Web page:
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Turbines could be built nine years after first proposed  

Credit:  Teesdale Mercury | 25/11/2014 | www.teesdalemercury.co.uk ~~

A wind farm that has struggled to get off the ground for more than nine years needs only Ministry of Defence approval to go ahead.

EDF Energy Renewables first submitted plans for its wind farm at Royal Oak farm, Bolam, in 2005 but Darlington Borough Council only gave consent in January this year.

However, the proposals are causing concern for residents who have been battling a number of wind turbine schemes since 2009. They are questioning why the energy company did not have to reapply for permission because of the time that has lapsed.

A council spokesperson said approval was granted subject to EDF entering into a Section 106 agreement, which would provide money to restore a former open cast coal site.

It is understood the turbines could affect radar at RAF Leeming.

But a spokesman for the power company said: “The original planning approval was subject to a Ministry of Defence aviation condition and our consultants are currently looking at solutions which should enable the condition to be discharged.”

The spokesman said the company was not in a position to confirm construction timescales, but said that site would include five turbines with a capacity of 6.5MW.

Villagers in Bolam fought a “David and Goliath” battle with Npower several years ago. Npower wanted to build six large turbines nearby but gave up on the plans when the Ministry of Defence said it could affect radar at RAF Leeming. Bolam residents also successfully fought off plans to build a 95ft turbine at Leggs Cross Farm, on the edge of the village.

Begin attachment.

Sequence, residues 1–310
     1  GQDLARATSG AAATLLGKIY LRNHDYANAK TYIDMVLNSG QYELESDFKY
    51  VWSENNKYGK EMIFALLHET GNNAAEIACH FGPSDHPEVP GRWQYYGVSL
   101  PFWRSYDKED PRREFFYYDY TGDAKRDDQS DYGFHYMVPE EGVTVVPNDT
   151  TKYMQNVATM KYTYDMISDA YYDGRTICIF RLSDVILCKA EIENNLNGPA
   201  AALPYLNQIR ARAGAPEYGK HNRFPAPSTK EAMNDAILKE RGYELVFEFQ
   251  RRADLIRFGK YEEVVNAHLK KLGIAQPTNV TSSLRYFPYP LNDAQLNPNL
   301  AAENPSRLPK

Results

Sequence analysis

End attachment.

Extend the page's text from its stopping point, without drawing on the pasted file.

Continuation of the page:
Resident Kathy Pagella said she was “shocked” when she heard about the proposals for Royal Oak farm.

She said: “The turbines would overlook us – I couldn’t believe it when I saw them. We were just saying that the days of onshore wind farms seemed to be over and now this.”

Trevor Edwards, chairman of Bolam Area Action Group (BAAG), said: “My only question is normally planning lasts five years – why did they not have to reapply. It sounds like they are using a technical clause to get around having to reapply.”

A spokesman for Darlington Borough Council said: “The Section 106 Agreement related to alterations to the approved restoration scheme for the former Southfields Open Cast Coal Site which part of the wind farm site overlaps with and which were necessary due to the siting of the turbines.

“The Section 106 Agreement was not signed until January 2014 due largely to changes in land ownership following UK Coal’s disposal of the former opencast site.”

Mr Edwards said: “If they applied now, with subsidies I believe changing in April, would it have been worthwhile? If they weren’t getting subsidies, would they be building them?

“It would have been nice to see what would have happened if they had to reapply, knowing what everybody knows about turbines now.”

Source:  Teesdale Mercury | 25/11/2014 | www.teesdalemercury.co.uk

This article is the work of the source indicated. Any opinions expressed in it are not necessarily those of National Wind Watch.

The copyright of this article resides with the author or publisher indicated. As part of its noncommercial effort to present the environmental, social, scientific, and economic issues of large-scale wind power development to a global audience seeking such information, National Wind Watch endeavors to observe “fair use” as provided for in section 107 of U.S. Copyright Law and similar “fair dealing” provisions of the copyright laws of other nations. Send requests to excerpt, general inquiries, and comments via e-mail.

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